Posted by keith on July 31st, 2008
I’m really, really sorry. I had no idea at all that I was living a terrible life, but it took those folks at BP to pull me back into the real world. According to their Greencurve there’s so much more I could be doing to make my life greener. Look at the graph (sorry “curve”) above and you can see I’m nowhere near “Aspire!” — whatever that means. I must be re-educated by BP.
Here’s what they say I should do to be greener (and my feelings):
“Try to travel when other people aren’t. This keeps you from wasting gas starting and stopping and can cut down your energy use considerably.”
(But I almost never drive — there was no option for going everywhere by foot, bus or train.)
“Wash your car at a car wash. 85% of car washes’ water is reclaimed and their systems are much more efficient than ours.”
(I never wash my car; the rain does it for me. It uses no energy and wastes no water.)
“For outdoor lighting, use solar. It’s easier to find than you might think (on most home and garden furnishings websites, do a search for “solar lighting”)”
(But…but…I don’t have any lights in my garden.)
“Start a recycling program in your neighborhood, local community center or school — anywhere a lot of paper is used.”
(Please sir, my council already do collect my recycling, and I don’t produce much waste anyway. And what about everything apart from paper?)
Gosh, how castigated I am feeling.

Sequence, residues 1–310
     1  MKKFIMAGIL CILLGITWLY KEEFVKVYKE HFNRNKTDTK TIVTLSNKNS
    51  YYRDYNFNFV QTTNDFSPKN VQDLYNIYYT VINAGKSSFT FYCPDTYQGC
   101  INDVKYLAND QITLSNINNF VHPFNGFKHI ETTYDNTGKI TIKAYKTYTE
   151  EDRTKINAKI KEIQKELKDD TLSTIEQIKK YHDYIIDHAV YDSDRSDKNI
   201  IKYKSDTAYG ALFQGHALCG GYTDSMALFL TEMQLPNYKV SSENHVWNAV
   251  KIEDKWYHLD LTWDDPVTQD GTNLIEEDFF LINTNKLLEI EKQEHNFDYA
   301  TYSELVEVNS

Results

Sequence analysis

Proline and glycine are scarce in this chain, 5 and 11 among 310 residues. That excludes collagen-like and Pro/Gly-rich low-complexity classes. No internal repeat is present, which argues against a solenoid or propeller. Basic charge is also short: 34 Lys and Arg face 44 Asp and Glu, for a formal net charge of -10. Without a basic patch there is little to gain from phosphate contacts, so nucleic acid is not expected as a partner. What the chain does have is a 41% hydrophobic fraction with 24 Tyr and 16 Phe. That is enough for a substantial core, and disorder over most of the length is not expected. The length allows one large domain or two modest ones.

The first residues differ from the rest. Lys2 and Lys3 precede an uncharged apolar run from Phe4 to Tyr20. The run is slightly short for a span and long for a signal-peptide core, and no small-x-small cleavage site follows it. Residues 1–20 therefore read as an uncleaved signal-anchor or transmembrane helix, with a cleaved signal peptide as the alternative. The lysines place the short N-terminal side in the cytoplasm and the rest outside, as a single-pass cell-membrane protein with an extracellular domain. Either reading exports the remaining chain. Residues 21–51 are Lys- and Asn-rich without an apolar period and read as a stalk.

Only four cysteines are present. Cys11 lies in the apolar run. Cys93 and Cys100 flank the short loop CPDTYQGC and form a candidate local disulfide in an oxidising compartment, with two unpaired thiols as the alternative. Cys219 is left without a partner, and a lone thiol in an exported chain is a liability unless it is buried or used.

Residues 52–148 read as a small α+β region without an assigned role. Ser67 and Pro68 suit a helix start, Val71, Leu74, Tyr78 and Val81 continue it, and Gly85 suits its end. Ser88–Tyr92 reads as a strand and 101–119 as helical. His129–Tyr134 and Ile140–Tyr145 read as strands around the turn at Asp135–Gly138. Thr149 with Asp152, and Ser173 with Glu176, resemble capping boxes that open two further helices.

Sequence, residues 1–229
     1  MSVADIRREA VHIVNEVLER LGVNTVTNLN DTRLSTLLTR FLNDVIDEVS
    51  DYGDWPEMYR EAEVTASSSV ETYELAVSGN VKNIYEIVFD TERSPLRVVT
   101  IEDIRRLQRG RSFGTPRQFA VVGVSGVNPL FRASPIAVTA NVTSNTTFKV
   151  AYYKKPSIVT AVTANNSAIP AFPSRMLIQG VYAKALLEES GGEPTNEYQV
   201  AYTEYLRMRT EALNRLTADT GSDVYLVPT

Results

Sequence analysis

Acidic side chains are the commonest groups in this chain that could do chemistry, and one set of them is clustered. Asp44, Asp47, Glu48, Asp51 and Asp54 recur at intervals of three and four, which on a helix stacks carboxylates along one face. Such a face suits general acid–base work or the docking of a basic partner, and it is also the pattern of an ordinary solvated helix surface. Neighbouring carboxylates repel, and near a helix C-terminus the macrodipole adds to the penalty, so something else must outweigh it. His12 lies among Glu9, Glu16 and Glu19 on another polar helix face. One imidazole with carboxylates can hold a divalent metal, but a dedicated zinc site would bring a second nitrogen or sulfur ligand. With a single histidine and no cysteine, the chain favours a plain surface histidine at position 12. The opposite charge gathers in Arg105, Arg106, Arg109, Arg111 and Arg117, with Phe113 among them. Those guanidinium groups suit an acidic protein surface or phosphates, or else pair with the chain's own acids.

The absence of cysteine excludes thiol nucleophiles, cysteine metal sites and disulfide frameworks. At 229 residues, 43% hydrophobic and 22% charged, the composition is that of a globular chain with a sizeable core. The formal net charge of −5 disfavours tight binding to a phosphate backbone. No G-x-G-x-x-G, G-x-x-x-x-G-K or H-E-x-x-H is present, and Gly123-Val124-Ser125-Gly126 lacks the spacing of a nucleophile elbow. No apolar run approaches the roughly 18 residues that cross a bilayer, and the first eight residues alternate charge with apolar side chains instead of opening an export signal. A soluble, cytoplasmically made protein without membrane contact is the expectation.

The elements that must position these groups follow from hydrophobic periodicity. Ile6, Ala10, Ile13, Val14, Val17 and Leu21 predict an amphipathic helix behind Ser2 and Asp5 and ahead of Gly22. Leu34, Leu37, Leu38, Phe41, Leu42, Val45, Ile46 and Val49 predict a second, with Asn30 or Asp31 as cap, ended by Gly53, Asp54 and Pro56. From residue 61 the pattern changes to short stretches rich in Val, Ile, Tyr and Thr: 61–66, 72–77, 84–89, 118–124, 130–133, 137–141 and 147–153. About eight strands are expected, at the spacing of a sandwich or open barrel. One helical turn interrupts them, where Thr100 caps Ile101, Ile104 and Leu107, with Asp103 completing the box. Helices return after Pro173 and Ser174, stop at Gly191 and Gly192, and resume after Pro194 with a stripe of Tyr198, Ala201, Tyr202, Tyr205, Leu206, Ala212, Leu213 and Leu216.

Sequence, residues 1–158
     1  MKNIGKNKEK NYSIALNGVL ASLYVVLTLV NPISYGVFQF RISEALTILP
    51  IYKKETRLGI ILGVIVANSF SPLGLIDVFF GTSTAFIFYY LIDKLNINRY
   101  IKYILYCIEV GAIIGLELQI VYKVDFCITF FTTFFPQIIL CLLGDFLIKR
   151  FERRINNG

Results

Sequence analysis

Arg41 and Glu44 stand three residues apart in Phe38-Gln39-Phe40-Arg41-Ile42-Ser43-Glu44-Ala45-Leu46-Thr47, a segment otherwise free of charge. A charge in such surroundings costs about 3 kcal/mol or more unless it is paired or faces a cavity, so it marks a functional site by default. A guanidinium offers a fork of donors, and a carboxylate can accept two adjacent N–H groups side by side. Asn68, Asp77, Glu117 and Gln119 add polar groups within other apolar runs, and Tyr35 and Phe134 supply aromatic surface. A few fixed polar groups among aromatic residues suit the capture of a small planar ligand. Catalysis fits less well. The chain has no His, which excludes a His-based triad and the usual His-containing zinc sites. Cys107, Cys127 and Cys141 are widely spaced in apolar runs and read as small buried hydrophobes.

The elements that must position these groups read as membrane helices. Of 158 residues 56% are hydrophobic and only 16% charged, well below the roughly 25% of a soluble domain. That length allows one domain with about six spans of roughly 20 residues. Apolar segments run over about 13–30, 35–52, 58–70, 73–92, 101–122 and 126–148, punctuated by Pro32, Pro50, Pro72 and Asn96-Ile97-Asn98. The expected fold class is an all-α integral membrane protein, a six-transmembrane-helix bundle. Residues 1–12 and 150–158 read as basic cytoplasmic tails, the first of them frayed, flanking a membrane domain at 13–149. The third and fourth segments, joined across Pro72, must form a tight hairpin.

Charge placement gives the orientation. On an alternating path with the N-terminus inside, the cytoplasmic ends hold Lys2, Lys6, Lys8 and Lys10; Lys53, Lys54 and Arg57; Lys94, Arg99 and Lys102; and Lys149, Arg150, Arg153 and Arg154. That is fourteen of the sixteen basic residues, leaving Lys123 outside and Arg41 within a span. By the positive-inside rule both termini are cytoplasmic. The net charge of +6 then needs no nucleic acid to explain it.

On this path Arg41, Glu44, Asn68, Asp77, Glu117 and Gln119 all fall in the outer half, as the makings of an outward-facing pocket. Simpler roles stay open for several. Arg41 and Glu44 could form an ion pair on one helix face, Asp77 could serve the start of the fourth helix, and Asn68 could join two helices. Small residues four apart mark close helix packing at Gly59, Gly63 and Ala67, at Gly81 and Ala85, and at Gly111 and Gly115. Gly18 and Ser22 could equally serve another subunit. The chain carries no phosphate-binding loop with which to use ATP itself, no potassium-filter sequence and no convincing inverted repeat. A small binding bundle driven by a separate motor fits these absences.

This is what is known as “conchoice” — consumer choice with the emphasis on the “con”. As I write in A Matter Of Scale:
Consumer choice would be far better entitled “Conchoice”, a term describing the true level of choice that individuals are provided with, should they find themselves within the consumer culture. Benjamin R. Barber puts it like this: “The apparent widening of individual consumer choices actually shrinks the field of social choices…For example, the American’s freedom to choose among scores of automobile brands was secured by sacrificing the liberty to choose between private and public transportation. This politics of commodity…offers the feel of freedom while diminishing the range of options and the power to affect the larger world.” The individual is being conned: there is no choice.
Look at the way you are currently living: you can “choose” between plasma, LCD, cathode ray tube or Internet TV, but not having a television is inconceivable to most people in the consumer culture; you can “choose” between shopping at Walmart, Aldi, Tesco, Carrefour or any other supermarket, but not using a supermarket is impossible for hundreds of millions of people who need to buy food and have no way of growing it themselves.
How much of your life was simply picked off the shelves of the Conchoice Mall, and how much of it came out of a conscious decision to live in that particular way?
I recommend you try out the Greencurve yourself, and have a think about the “choices” BP are presenting to you. This is not BP’s world, it is your world, and you can make your own choices, regardless of what a polluting oil giant might think. Tell them where to stick their “Greencurve”.